The Twitterverse and blogosphere are positively quivering in outrage about the way the media covered Nature Neuroscience’s recent paper suggesting a molecular role for pain relief in a mouse model for acupuncture. This blog post is not about the science or the finding; and to put it into context, I don’t believe there’s evidence that acupuncture works beyond placebo in humans, either, either before this paper or after.

But what intrigues me is the response of the non-mainstream media (i.e. Twitterers and bloggers). All of their complaints are valid, particularly the often restated point that “mice aren’t humans and you can’t extrapolate”. But what strikes me is that you could levy the same charge against many, many papers published weekly in high-profile journals that use animal models to study human diseases or biology. Some of these papers are covered by science bloggers, who are just as critical, but somehow not nearly as outraged. I just think it’s interesting that because what’s being studied is something people don’t believe in, making overstated claims about mouse models is somehow more repugnant than what happens every day in the press.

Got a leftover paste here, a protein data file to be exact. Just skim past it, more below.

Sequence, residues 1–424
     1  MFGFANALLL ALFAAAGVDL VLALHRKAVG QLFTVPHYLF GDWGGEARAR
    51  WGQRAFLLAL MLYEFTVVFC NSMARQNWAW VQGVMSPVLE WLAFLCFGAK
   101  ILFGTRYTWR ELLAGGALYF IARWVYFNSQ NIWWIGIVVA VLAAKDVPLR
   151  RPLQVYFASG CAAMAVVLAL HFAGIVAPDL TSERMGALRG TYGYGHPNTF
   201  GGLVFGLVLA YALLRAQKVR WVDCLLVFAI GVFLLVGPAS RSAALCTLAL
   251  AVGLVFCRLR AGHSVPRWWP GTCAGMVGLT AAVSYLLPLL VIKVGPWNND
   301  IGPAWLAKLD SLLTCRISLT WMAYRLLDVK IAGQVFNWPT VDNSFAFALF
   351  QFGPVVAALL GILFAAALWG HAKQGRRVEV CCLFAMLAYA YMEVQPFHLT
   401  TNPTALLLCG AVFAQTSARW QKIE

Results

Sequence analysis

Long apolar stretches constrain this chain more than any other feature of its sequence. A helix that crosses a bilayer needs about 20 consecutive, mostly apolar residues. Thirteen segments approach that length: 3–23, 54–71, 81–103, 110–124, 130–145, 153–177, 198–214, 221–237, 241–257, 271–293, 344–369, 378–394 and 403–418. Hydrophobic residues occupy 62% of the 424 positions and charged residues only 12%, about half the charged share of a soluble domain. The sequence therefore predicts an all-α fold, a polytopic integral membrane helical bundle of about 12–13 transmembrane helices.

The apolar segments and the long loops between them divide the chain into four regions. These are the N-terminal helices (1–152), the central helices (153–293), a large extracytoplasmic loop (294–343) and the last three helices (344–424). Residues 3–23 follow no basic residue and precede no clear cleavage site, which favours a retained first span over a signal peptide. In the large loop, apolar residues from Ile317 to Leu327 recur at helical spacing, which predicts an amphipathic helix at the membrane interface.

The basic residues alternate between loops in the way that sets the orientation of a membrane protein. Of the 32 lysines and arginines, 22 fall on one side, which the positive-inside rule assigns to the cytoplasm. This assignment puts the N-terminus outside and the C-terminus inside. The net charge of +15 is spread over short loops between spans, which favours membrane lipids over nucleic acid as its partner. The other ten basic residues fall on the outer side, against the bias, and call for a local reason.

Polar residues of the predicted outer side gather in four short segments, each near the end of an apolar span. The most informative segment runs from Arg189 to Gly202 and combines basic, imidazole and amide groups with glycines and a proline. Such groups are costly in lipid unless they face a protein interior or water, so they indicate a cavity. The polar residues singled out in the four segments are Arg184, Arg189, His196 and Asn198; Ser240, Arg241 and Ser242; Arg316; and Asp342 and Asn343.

Is it because giving the apparent stamp of scientific approval to alternative medicine is ultimately more harmful than validating this week’s cure for cancer? I think that’s probably the most likely explanation, but would be curious to know what others think.